CSUN Professor Emeritus Preserves Warsaw Ghetto Poetry in Online Book
Polish Jews faced a cruel destiny in 1940. Nazis soldiers had crammed more than 400,000 Jewish citizens into 1.3 square miles of territory known as the Warsaw Ghetto. From there they would be taken by trains to death camps.
Left in ruin, with faltering spirits, shattered hope and deteriorating health, the people of the ghetto began collecting all kinds of information to document their history for the future. The group was called the Oneg Shabes -- Joy of Sabbath group. It was organized by a history professor who was an underground leader and social worker in the ghetto named Emanuel Ringelblum.
Their work came to be known as the Ringelblum archives. They contained, among other things, underground newspapers, public notices by the Jewish council, stolen Nazi propaganda and poetry, which was all illegal to write and possess under penalty of death.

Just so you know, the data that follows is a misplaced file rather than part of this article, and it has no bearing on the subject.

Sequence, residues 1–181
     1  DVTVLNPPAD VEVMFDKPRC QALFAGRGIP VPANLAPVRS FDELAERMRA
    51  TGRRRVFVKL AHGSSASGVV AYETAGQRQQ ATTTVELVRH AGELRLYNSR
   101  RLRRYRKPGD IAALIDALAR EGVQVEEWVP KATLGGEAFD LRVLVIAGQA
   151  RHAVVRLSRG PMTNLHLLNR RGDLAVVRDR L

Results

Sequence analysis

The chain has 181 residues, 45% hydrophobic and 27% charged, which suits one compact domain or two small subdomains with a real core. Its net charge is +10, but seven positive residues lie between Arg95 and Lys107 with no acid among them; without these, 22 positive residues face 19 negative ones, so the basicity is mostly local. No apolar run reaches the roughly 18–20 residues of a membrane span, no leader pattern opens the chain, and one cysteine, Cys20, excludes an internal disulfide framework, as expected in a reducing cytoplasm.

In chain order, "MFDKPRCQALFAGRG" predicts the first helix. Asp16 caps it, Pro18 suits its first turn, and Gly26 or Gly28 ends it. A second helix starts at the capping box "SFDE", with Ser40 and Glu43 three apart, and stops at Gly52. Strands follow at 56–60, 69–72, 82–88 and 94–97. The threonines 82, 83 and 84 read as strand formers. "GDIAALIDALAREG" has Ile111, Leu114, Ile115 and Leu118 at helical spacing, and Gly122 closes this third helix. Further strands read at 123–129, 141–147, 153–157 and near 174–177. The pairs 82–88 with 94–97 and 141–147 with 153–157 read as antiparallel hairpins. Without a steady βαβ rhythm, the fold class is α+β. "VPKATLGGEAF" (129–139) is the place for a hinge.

"I thought it would be very interesting to look at the Yiddish poetry," said Sarah Moskovitz, professor emeritus at California State University, Northridge who compiled poems from the Warsaw ghetto into a new online book, "Poetry in Hell."
"I became interested in the material and I knew it was housed in the Jewish Historical Institute in Warsaw. I was fortunate to learn from the historian Samuel Kassow that this poetry had recently been sent in microfiche format to the United States Holocaust Memorial Museum (USHMM) in Washington, D.C."...
comments powered by Disqus
- Thomas Piketty accuses Germany of forgetting history as it lectures Greece
- Greek ‘No’ May Have Its Roots in Heroic Myths and Real Resistance
- 150 years later, schools are still a battlefield for interpreting Civil War
- Where are America's memorials to pain of slavery, black resistance?
- Richmond split over Confederate history
- Historian: "I don’t want my students to simply choose sides in a polemic between heritage and hate"
- Harvard’s Nancy Cott says the Chief Justice in the gay marriage case has a stilted idea of the history of marriage
- Did a historian who said he’s a victim of McCarthyism get the story wrong?
- Stephanie Coontz’s work on the history of marriage cited by the Supreme Court.
- How Does It Feel To Have One’s Work as a Historian Cited by the Supreme Court? Cool. Very Cool. Thank You Very Much.